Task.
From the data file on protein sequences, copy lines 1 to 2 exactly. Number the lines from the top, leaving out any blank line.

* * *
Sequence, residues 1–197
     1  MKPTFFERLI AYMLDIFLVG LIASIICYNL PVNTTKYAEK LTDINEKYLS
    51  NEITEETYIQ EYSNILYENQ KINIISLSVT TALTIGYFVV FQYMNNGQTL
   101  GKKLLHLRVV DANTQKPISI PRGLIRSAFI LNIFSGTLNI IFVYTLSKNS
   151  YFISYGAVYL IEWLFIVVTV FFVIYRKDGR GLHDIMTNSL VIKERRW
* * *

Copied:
Sequence, residues 1–197
     1  MKPTFFERLI AYMLDIFLVG LIASIICYNL PVNTTKYAEK LTDINEKYLS